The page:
Chagall Guevara

Autographs For The Sick (AFTS)
Spring 1991 Volume 2 Issue 3
© 1991 Scott Russell
Page 4
Thanks to Dan Kennedy

With the new year, and (technically) the new decade, comes a long awaited disc from a few old friends. The debut album from Chagall Guevara came bustin' out on MCA records very recently with a cover-box made of recycled paper. This band, however, is not recycled. Steve Taylor (the innovator who once vowed to leave Christian music if he ever felt cramped), David Perkins (the producer behind a good number of Christian albums in the late 80's), and Lynn Nichols (perennial Christian musician, producer, composer) have teamed up with Mike Mead (drummer of Keaggy, Perkins and asundry studio sessions) and Wayne Jaynes (a bass player I'm not too familiar with) to form an eclectic collection of somewhat derivative yet powerfully unique tunes.

Keeping in mind that this IS a secular album, this self-titled debut is not unlike Taylor's I Predict 1990 in both sound and scope. Here the music is full and alive, driven by these "young veterans," and doesn't rely so heavily on Taylor's absolute direction. I hope he enjoys sharing the load because the album is a definite success.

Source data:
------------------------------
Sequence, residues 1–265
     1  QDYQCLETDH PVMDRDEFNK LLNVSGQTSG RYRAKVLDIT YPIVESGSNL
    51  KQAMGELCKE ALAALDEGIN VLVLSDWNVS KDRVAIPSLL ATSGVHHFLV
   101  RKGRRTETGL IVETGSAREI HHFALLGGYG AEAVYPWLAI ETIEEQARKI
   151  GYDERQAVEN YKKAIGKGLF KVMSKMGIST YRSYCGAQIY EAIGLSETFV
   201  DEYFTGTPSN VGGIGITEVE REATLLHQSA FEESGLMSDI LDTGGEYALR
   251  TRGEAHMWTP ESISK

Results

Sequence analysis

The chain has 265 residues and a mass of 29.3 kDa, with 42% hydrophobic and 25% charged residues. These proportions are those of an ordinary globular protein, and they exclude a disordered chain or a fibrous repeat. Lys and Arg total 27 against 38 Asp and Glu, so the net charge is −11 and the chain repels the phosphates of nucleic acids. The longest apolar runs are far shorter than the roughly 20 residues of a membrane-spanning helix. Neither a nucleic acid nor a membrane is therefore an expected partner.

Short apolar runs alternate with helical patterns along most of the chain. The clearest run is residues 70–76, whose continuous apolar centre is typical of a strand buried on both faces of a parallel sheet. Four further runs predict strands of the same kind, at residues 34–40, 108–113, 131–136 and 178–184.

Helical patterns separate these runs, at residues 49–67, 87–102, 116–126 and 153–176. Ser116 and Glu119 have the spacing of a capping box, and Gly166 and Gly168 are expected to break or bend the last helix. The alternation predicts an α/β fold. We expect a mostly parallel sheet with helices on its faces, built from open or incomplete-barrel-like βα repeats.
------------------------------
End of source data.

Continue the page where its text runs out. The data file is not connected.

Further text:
Chagall Guevara starts loud and keeps moving, stopping off briefly to meet "The Wrong George" which almost made me wreck my car when I first heard it. I still laugh at this innocent but horribly frustrating case of mistaken identity captured (unwittingly?) on Dave Perkins' answering machine. From the manic "Escher's World" to the Dylanesque "Can't You Feel The Chains?" it's hard not to say "Can't you hear the influences?" Fans of Perkins' The Innocence, an obscure release on an even more obscure label [What? records with its four-release repertoire], will enjoy "Violent Blue" a heavy, rocker.

To round out the eclectic feel, some blues are featured with the driving "Play God" and the moving "I Need Somebody." Taylor's lyrical wit is pointed as ever on "Love Is A Dead Language." In the past, many have accused Taylor of cynicism, but I disagree--cynicism in its nature connotes hate, while Taylor uses some rather sarcastic venues to educate the self- saved Christian elite. There is no preaching here. While those of us who enjoyed "You've Been Bought" and "Color Code" may miss the direct punctiliousness of Taylor's pen, this band's talent may carry it to a much broader audience with a much deeper hurt. And all of us should support them in that endeavor!

Scott Russell